So is Whitechapel going to be one of the bands that carries on after deathcore’s judgment day? With their immense popularity, they just might. There are some fair criticisms of the band that are also criticisms of the deathcore genre in general. Breakdowns and slam riffs are not just criticized for not being “true metal,” but also because they are increasingly generic and simplistic (sort of like the horror movie equivalent of a “jump scare”). They don’t leave much room for creative innovation, and on this new record, Whitechapel still relies on them quite a bit. However, their incorporation of Meshuggah-esque groovy riffs juxtaposed against down-tuned thrash shredding seems to be their big saving grace. It gives them their biggest distinctness amongst their peers, and they use these elements together very well right on the opening track “The Void,” which is undeniably catchy and fun (and probably one of the stronger tracks on the record). “The Elitist Ones,” despite being a display of aggression against the metal community, actually has some pretty classic groove metal elements driving it. “Brotherhood” utilizes strong melodic metal riffs that are surprising but still fit in pretty well within their overall sound.
Despite some of these strengths, there are still some weaknesses on this album. “Bring Me Home” attempts a more melodic, clean-sung ballad that sounds like a strange mish-mash of Tool and Vol.-3-era Slipknot that isn’t really strong enough to distinguish itself as wholly original. There’s still some juvenile-sounding lyrics, such as the line “Fuck the world I don’t care anymore” on “Tormented,” which sounds more like it belongs on Livejournal rather than being barked by a grown man in his 30s. That isn’t to say that there’s something wrong with cursing and being angry in metal, but doing it like an angsty adolescent can be kind of cringe-worthy. Ultimately, some of the more generic deathcore elements, such as breakdowns and slam riffs, add to the album’s weaknesses.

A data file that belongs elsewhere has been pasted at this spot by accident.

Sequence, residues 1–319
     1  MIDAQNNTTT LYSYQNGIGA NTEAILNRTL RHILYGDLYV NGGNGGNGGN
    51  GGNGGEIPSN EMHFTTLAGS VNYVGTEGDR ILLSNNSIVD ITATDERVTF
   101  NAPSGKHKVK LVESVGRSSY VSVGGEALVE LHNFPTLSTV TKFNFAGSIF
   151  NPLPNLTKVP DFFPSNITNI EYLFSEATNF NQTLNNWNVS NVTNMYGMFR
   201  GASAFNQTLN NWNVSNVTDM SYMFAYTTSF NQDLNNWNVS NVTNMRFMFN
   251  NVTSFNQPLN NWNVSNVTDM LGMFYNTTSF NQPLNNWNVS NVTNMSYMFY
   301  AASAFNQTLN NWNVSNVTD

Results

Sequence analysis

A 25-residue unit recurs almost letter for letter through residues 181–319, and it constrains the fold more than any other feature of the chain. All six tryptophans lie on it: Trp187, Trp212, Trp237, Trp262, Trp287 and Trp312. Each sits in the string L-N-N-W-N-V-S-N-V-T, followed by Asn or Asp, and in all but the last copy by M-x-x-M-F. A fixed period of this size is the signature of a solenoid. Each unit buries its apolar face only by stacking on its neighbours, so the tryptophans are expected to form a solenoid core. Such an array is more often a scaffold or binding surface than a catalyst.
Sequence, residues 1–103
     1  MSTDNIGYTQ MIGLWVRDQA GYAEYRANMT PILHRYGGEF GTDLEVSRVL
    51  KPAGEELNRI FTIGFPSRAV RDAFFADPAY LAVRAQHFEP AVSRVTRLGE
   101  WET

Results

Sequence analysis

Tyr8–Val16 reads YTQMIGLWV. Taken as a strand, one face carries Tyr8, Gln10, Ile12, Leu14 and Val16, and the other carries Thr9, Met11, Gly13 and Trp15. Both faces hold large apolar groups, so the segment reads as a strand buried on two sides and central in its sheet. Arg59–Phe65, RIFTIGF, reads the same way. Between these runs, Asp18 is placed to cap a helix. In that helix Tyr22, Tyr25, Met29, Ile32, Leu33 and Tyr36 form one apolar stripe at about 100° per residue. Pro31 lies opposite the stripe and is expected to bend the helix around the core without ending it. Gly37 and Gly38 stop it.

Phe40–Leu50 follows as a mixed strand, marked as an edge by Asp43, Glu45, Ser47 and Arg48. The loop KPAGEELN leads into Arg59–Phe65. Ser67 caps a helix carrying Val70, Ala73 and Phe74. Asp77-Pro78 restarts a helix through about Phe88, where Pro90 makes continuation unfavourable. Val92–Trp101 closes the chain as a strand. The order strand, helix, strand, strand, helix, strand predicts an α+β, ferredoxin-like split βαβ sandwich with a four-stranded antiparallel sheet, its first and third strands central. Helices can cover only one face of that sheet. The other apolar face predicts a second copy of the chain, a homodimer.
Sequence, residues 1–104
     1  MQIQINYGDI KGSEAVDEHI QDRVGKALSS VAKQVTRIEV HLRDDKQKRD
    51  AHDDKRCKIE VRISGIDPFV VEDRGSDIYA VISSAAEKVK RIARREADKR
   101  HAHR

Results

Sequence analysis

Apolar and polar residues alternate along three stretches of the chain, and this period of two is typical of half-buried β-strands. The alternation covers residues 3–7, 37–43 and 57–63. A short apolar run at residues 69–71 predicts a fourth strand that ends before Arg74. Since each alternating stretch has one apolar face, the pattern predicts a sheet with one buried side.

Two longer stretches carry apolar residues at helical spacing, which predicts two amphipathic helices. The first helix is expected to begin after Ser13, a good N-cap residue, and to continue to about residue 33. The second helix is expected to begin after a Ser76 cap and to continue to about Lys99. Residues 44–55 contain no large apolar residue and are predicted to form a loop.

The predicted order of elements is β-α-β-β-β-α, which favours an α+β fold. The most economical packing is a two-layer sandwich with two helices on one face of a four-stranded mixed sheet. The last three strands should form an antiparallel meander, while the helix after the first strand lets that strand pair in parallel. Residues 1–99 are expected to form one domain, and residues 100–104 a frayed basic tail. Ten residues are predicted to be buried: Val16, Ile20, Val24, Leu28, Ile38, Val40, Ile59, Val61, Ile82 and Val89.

With all the talk of metal elitism, it should also be pointed out that metal fans are not always so conservative. Metalheads have embraced bands like Opeth, Cynic, Animals as Leaders, The Dillinger Escape Plan, Katatonia, Mastodon, and many others who have incorporated elements into their music that might have been looked down upon by metal elitists, but were ultimately accepted for their talent, innovation, and substance. Even Between the Buried and Me, who have many blatant metalcore elements, are still highly regarded for their musical contributions. So, for all the worrying about elitists, maybe everyone needs to chill for a second and realize these are a small minority of jerks, and metalheads can be a lot more open-minded than they seem. The obnoxious elitists will always be there (they also exist in a lot of other genres and art forms), and one day they will need to learn the hard lessons of “don’t be a dick” and “you’re not better than everyone else. ” Maybe Bozeman also needs to learn how massively successful Whitechapel has become, and that he really doesn’t need to be letting the trolls get under his skin. He might even find there’s some valuable criticism that he and the rest of his band could use to substantially improve their sound and carry them on for years to come.